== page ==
Review by George Yatchisin
There’s that terrific anticipatory rush you can get when attending a classic movie in a theater and a beloved scene is about to happen. Think Gene Kelly wearing that manic, just-found-love grin, waving his driver along and starting to doo-doo his way through the intro of the unforgettable title number of Singin’ in the Rain. The whole crowd practically sighs, ready to relish four minutes of splash-dancing perfection.
That’s a huge part of the fun for a fan reading New York Times bestselling author Joe Posnanski’s latest, Why We Love Baseball: A History in 50 Moments. Ah, it’s the Jack Morris-John Smoltz Game 7 World Series duel from 1991. And here comes Willie Mays’ over-the-shoulder catch in the 1954 Series, lost in the deepest depths of the Polo Grounds’ centerfield.
But JoePos, as he’s known by those who cherish his writing abilities as a prolific columnist and author of books like The Baseball 100 and The Life and Afterlife of Harry Houdini, is such a high-caliber story-teller he never fails to bring something new to these old chestnuts. Take the infamous ball between Bill Buckner’s legs game that extended Red Sox World Series misery for another few decades. Generally we hear the story from the Sox’s sad side, all woe and tragedy. Posnanski opts to focus on it from the victorious Mets’ viewpoint, instead, bringing the moment into more vivid life. As he puts it, “Shea Stadium became a cloud of ecstasy and euphoria.”
Alas, not all fandom is euphoric. Cleary a sub-theme of the book is how baseball is a tease, drawing us in with hopes that our team will win, but the losses are sometimes more poignant. Moment #32, Sandy Koufax’s perfect game in 1965, obviously rings with the power of ultimate triumph. But even better Posnanski takes the tack of providing the immortal Vin Scully’s call of the ninth inning of the game as his way to tell the tale, doubling the kinds of perfection while underlying how announcers are one of the ways many of us nourished our love of baseball—whether it was the mellifluous story-spinner Scully in LA, the a-beer-in avuncular Harry Caray in Chicago, or the malaprop-dropping Ralph Kiner an apt Mets match in New York.
To follow up that great moment, JoePos turns to the Harvey Haddix game in 1959, when the Pirates hurler threw 12 perfect innings only to lose his shot at history, and the game, in the 13th. That Posnanski gives this game a more prominent place in his countdown is a hint of the power of hurt. Or it could just be some fun authorial gamesmanship. Koufax’s uniform number was 32, Haddix’s 31—Posnanski relishes playing with numerology like that, especially given as he admits in his intro “you will undoubtedly have disagreements with the order and what’s missing. That’s part of the fun.”
For this is clearly a personal list, even if it checks off many of the sport’s greatest moments (plus some fictional and even animated ones, too). Posnanski starts the countdown with his idol as a child growing up during the 1970s in Cleveland, then Indian second baseman Duane Kuiper. A scrappy diver, Kuiper had no power, even for an age when middle infielders rarely hit their weight, which was slight (Mark Belanger, come on down!). So, of course, the only homer of his career was practically more of a highlight to Posnanski than Kuiper. As JoePos puts it, “Baseball is the best it has been and the best it will ever be when you’re 10 years old.”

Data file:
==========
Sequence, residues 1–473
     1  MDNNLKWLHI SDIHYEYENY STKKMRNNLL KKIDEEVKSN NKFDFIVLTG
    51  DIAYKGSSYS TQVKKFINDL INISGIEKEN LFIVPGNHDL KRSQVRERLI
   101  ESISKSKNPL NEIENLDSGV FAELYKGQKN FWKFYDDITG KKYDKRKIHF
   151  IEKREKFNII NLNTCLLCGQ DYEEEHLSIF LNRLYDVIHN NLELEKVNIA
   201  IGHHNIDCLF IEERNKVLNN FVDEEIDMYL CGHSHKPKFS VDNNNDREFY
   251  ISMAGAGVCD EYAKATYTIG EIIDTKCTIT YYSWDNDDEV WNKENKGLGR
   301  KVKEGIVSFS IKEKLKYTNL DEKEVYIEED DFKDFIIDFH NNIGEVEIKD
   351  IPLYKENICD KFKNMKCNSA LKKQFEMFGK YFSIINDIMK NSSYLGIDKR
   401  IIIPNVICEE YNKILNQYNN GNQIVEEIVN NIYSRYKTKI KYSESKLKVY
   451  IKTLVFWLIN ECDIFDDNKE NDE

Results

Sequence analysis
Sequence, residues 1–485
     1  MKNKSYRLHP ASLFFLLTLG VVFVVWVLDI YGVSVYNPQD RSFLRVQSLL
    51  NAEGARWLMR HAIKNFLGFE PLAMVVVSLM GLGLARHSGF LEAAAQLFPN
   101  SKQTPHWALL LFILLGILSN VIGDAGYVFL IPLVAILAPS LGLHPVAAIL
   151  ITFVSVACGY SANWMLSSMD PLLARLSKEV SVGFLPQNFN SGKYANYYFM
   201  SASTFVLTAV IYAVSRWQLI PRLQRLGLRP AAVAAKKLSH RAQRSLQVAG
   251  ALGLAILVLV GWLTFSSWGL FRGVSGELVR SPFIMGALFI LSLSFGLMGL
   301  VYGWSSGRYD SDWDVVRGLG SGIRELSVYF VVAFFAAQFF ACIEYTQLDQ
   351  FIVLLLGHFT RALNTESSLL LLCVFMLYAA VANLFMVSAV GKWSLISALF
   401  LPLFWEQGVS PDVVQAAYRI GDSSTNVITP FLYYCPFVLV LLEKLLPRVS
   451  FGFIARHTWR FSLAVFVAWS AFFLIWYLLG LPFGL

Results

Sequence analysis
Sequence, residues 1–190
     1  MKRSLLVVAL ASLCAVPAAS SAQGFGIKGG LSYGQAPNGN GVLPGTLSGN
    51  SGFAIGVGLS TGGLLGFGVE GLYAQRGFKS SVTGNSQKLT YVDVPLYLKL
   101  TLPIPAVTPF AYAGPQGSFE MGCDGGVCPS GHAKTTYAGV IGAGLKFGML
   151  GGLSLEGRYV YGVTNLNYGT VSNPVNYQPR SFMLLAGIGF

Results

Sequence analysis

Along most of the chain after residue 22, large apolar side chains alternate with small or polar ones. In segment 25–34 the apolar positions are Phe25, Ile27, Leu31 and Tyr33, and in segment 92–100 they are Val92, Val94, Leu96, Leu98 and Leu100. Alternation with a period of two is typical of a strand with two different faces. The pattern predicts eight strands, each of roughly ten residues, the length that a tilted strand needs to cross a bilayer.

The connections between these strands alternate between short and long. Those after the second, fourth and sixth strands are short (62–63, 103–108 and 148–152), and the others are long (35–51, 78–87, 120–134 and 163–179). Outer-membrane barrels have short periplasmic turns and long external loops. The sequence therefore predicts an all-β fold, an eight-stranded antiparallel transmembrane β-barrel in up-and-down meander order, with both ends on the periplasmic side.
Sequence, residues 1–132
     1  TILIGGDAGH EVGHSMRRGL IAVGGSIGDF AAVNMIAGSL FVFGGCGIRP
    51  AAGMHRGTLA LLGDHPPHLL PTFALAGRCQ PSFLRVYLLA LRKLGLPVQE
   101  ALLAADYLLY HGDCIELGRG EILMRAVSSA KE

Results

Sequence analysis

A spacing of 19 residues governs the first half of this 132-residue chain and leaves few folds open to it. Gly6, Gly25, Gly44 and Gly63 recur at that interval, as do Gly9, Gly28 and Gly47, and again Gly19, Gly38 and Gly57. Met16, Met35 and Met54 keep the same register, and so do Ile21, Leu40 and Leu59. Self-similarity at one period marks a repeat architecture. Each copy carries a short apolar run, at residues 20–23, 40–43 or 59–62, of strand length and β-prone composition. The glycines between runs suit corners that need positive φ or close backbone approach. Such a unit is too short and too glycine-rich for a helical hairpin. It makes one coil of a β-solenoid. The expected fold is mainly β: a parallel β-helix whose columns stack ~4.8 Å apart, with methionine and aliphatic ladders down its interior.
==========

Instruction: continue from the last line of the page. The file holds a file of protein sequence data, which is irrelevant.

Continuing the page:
Posnanski manages to evade dread listicle-ese by ingenious segues from moment to moment, including adding sublists such as five trick plays, five moments that melt the heart, five unlikely homers. Bet you can guess where that last mini-chapter is placed in relation to Kuiper’s swat. After all, baseball is one way many of us help tell the stories of our lives, especially since, as he points out, “Baseball is a game of fathers, some domineering, some distant, some ebullient.”
It’s also a game of mythmaking, and Posnanski has plenty of fun with that, teasing through whether Babe Ruth really did call his homer in Wrigley Field, if and when Pee Wee Reese hugged Jackie Robinson to pause racist taunts. He claims, “But—and I think most people agree on this—in our pursuit of facts we should not lose the legends.” He particularly needs to say that in relation to Negro League baseball, where many of the “facts” were never recorded, or have been lost, or obscured. (He does this clever trick with footnotes that keep pointing out how things we think of as records fail to account for greater achievements in Black baseball; that nagging voice insisting we must reconsider what we know.)
So moment No. 10 is Satch vs. Josh, that is Satchel Paige and Josh Gibson, arguably the greatest pitcher and hitter in the Negro Leagues. Even better, Posnanski lets his great friend Buck O’Neil (Posnanski wrote the beloved The Soul of Baseball: A Road Trip through Buck O’Neil’s America in 2007) relate the story. Paige walks the bases loaded to get Gibson to the plate and have a face-off. You’ll have to read the book to find out what happened.
Same as it ever was, perhaps, for the moment is echoed by Japanese great Yutaka Enatsu facing Sadaharu Oh in Japan in 1968. And also by 17-year-old teen girl Jackie Mitchell and her dropball (taught to her by Dazzy Vance), supposedly striking out Babe Ruth in a Chattanooga charity game in 1931. How fitting in a baseball book that Posnanski can shine each of these magical, maybe mythical moments into diamonds.